I think that's probably true. But I also think that being an outsider, a non-Yezidi, created a different barrier that made it difficult. It also had to go through translation, because although I understand a bit of Kurdish it is definitely not enough, as the Yezidis speak Kurmanji Kurdish. I was working with female Yezidi translators while doing these interviews and I think that helped. They were very smart and interesting in their own right, able to explain cultural and language idioms that I may not understand.
You talk in the book about how it wasn't clear whether the women subjected to rape and sexual abuse would be accepted back into the community. How did this aspect of inter-Yezidi communal dynamics play out?
One of the reasons why ISIS used sexual abuse was as a way to wipe out the Yezidi community, more than just by killing the men. Because the Yezidis have very strict rules about not being able to marry outside the community. In the past there was a famous case of an "honor killing" of a Yezidi girl who ran away with a Sunni Arab man. But in the ISIS case actually the Yezidi community did react quite quickly to accept back these women who were subjected to abuse.
I don't want to paint a too rosy picture. It has not been easy for any of the women and girls who have returned. Yezidis can't marry outside their religion or caste and in the diaspora some people have started talking about how this is actually causing problems. So some younger Yezidis are now saying they should relax these rules, and not just for the women who were forced to convert to Islam and suffered these terrible things.
How many Yezidis are still being held by ISIS?
I think the last figure I saw was that over 2,000 women and children are still missing. A lot of men are also still missing because a lot of the mass graves around Sinjar Mountain haven't been properly exhumed because they are on this disputed territory line, it's not safe and international organizations can't go there. It's very difficult to access Sinjar at the moment. We've recently seen clashes between the KRG and Baghdad. Even before 2014, the fact that the Yezidis lived along this disputed territory actually made them really vulnerable.
What is the current situation in Sinjar? How many Yezidis have returned since ISIS was basically driven out of Iraq?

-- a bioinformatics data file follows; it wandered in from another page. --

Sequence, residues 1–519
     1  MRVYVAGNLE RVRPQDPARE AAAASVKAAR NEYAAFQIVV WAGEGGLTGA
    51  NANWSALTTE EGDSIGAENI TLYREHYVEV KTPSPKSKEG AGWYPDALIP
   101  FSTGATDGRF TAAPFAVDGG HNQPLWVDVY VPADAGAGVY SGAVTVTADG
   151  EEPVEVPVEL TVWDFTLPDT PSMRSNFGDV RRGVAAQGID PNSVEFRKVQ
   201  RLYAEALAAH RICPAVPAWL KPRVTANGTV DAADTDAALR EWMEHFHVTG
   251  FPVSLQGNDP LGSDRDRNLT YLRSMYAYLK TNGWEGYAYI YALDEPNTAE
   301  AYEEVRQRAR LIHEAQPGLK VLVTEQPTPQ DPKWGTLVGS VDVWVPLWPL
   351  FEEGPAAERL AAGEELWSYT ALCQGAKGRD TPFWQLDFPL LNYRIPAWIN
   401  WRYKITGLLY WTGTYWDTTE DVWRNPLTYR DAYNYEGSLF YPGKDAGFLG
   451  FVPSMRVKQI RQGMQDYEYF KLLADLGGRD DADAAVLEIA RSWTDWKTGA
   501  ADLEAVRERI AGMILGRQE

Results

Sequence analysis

Sinjar city itself was completely destroyed. I was never there before but by all accounts it was a very interesting, beautiful place. It was underneath Sinjar Mountain with a 4th century Roman fort, as well as Shia shrines and different types of mosques, an Armenian church, different Christian communities, Shia and Sunni Muslims, Turkmens and Arabs.
A lot of Yezidis have actually gone back to the towns around Sinjar. It has been a slow trickle based on the various military campaigns. But I've not been back for a while and now it's very difficult to get there due to this recent fighting between Baghdad and the KRG and all the tensions. Most Yezidis still don't feel safe living in Iraq and are trying to leave. I don't think I have any Yezidi friends who aren't trying to leave.
In Turkey people have been warning darkly about a second PKK headquarters potentially being set up in Sinjar. Who’s in control there?
From what I've heard it seems like there's a bit of a security vacuum. Iraq's al-Hashd - or Popular Mobilization Forces - are in control of most areas around Sinjar now. Before it was the Peshmerga. So the security dynamics keep shifting. A lot of the Yezidis who joined the PKK early on have now switched to join Yezidi groups under the al-Hashd. From conversations I've had it seems that the PKK has lost some power and influence there. Some of the PKK commanders who had been directing operations on Sinjar Mountain have gone back to Kandil. But the Sinjar area is still important for the PKK as a kind of fall-back from the Rojava enclave in Syria.
For the Yezidis the PKK was always just an alliance of convenience. Even though a number of Yezidis have been members going back, I don't think the PKK has always been a natural fit with the traditional Yezidi culture in Sinjar. They have very different views on the role of women, for example.
The Sinjar area has also always been important for smuggling. Whoever holds the border area has always been able to make a lot of money from smuggling: Whether it oil, cigarettes, sheep, or al-Qaeda fighters. That's one reason why the area is important for the PKK and other forces.